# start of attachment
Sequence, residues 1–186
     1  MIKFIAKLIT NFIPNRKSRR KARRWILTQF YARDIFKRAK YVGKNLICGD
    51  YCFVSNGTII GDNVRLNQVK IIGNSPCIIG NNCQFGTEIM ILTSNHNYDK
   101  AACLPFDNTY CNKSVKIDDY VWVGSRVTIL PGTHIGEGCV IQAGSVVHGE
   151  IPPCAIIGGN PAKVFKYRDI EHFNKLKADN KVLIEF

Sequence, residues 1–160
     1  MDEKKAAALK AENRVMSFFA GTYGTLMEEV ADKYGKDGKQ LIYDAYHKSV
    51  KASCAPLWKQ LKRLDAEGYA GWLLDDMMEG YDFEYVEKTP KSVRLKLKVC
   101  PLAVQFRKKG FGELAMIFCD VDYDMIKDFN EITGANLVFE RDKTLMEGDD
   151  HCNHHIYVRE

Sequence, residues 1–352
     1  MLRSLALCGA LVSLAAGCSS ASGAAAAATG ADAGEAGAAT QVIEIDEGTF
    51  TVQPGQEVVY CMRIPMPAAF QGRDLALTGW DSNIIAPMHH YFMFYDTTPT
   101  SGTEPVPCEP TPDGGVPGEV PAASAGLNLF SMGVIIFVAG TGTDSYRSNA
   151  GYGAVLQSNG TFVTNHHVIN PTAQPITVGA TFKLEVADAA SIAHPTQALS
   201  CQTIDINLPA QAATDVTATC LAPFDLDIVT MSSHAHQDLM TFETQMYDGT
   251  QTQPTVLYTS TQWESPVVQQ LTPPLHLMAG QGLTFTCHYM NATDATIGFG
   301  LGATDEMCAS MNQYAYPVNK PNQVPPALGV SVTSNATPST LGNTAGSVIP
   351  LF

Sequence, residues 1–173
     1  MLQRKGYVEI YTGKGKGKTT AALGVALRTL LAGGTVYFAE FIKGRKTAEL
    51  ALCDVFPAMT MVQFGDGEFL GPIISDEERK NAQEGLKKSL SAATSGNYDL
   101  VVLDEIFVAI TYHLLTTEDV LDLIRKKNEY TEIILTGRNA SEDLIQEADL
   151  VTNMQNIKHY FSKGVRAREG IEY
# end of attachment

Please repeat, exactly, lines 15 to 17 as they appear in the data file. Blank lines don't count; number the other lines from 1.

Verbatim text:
   151  GYGAVLQSNG TFVTNHHVIN PTAQPITVGA TFKLEVADAA SIAHPTQALS
   201  CQTIDINLPA QAATDVTATC LAPFDLDIVT MSSHAHQDLM TFETQMYDGT
   251  QTQPTVLYTS TQWESPVVQQ LTPPLHLMAG QGLTFTCHYM NATDATIGFG